Despite an admittedly skimpy resume, Middleton was hired as an on-air personality in what was then the nation’s 17th-largest TV market. He quickly earned a following with his offbeat, personality-oriented sports stories.
“I wanted to do sports that even non-sports fans would enjoy,” he says. “After a big football game, every other reporter would be interviewing the star quarterback. I might be interviewing the star quarterback’s mother.”
In 1988 Middleton was hired by WESH, where he became something of a community institution along with colleagues — and later business associates — Wendy Chioji and Bill Shafer. He also met his future wife, Jill Kalstrom, who was a producer at the station.
When he moved from the sports desk to an anchor position, he marked the occasion by tackling an art project. He cut up the expensive, sports-themed Nicole Miller ties he had worn on the air and used the scraps to create a quilt depicting his father lounging in an overstuffed chair while drinking a beer.
“It was, in a way, not just an artistic expression but a foreshadowing of what was to come,” Middleton recalls. “I was creating something new out of pieces from my past.”
Indeed, more changes were to come. During his tenure at WESH, Middleton was nominated for five Emmys — winning two — and was part of a team that won the duPont Award for Excellence in Journalism for coverage of the Challenger disaster. Still, he was becoming increasingly restless and disenchanted.
Local TV news had begun moving in a direction that the eternally optimistic and upbeat Middleton found disturbing. More and more, he noted, newscasts were becoming crime reports, and sensationalism was replacing journalism.
“I think local news programs should reflect what’s happening in the community,” Middleton says. “And for the most part, there’s a lot more good in the community than bad. I wanted to celebrate people who were doing cool stuff.”
It got to the point, Middleton adds, that he didn’t want his daughters, Kelsey and Quinn, to watch the news broadcast on which he appeared. He says he pitched WESH’s parent company, Hearst Television, on the idea of airing a positive show about inspiring people, but found little enthusiasm for the idea.
So, in 2006 he “walked upstairs” and resigned. “Probably my toughest personal challenge to date was to gather the strength and belief to walk away from a semi-glamorous, fairly well-paying and pretty easy job,” Middleton says. “I had no safety net whatsoever.”
But he had a clear vision for Bolder Media Group and the strong belief that he could make it happen. All he lacked was the capital to make it a reality.
Fortunately, he found an ideal business partner in Joe Lee, retired CEO of Darden Restaurants, who provided funding and offered advice and encouragement. Lee, a philanthropist who rose from humble beginnings to become a legend in the restaurant industry, bought into Middleton’s message — literally and figuratively.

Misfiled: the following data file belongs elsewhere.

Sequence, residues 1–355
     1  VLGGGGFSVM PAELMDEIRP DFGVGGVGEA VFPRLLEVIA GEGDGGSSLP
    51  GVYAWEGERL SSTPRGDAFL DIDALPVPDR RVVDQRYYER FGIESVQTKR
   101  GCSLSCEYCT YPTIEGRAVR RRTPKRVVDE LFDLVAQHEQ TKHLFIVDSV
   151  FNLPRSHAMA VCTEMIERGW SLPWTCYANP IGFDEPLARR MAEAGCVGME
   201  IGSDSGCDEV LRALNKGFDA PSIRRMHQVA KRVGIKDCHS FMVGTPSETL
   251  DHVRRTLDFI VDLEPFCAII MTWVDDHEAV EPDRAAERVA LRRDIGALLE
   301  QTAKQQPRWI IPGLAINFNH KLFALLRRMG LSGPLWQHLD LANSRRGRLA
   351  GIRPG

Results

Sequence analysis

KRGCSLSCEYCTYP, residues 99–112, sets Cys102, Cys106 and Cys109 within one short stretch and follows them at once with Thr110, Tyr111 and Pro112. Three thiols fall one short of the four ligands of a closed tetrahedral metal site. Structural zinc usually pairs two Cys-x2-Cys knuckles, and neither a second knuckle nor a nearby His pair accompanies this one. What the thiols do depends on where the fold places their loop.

“America needs Growing Bolder to be successful,” says Lee, who today divides his time between Orlando and Georgia. “The good guys need to win — and we’re committed to creating a media company that builds up and doesn’t tear down.”
Middleton, who calls Lee “the most kind and ethical businessman I’ve ever known,” soon was able to hire Shafer, producers Katy Widrick and Jackie Carlin and videographer Jason Morrow from WESH. Chioji, who left the station in 2008, later joined the team as a sort of roving correspondent.
“I always saw myself as a line producer for TV news,” says Widrick. “I was happy at WESH. But Marc came to me and explained what he had in mind with Bolder Media, and his passion really resonated with me. He said, ‘I’m going to start a revolution, and I’d like you to be with me.’ How can you say no to that?”
Growing Bolder, co-hosted by Middleton and Shafer, first aired on WMFE-Channel 24, the Orlando PBS outlet, before going national. The radio show, the website, the magazine and the custom health content were later added.
In recent years, Middleton has made some bold moves in athletics as well as business. In 2010, after a 37-year layoff, he resumed competitive swimming and is today a six-time world-record holder in masters competition. He also trained as a hurdler and won a bronze medal at the USA Masters Track and Field Championships in 2012.
In February, he’s traveling to Tanzania to climb Mount Kilimanjaro along with Chioji, who recently announced that she’s battling cancer for the second time, and Dr. Robert Masson, founder of Orlando’s NeuroSpine Institute.
It’s the culmination of the Livestrong Foundation’s 2014 Survivor Summit, during which cancer survivors and their supporters make a statement about hope by scaling the world’s largest freestanding mountain. Middleton will film the adventure for a television special to air later in the year.
A self-taught artist, Middleton does have some less strenuous hobbies, including quilting and painting. His finished works are like their creator: colorful and exuberant.
“The key to living a happy and engaged life is simply to pursue your passions,” says Middleton, who certainly knows whereof he speaks. “That’s what keeps people alive, and that’s a powerful message for people of any age. When you talk about the possibility of life, and that it’s never too late to chase your dreams, even 20 year olds listen.”
This story was compiled using submissions written by students in the inaugural “Writing Personality Profiles” class at the Rollins College Center for Lifelong Learning. Contributors included Beth Berenis, Linda Begley, Grace Colombo, Joe Carroll, Sue Dyer Nan Todd Kutcher and Mary Ann McGowan. The class interviewed Middleton, press-conference style, and each student then wrote a profile based upon that interview. Instructor Randy Noles assembled this story for publication using excerpts from several individual submissions. The class will be held again beginning in February and running each Friday during the month from 9 a.m. to noon. To enroll, email firstname.lastname@example.org or call 407-646-1577. Class size is strictly limited to 12.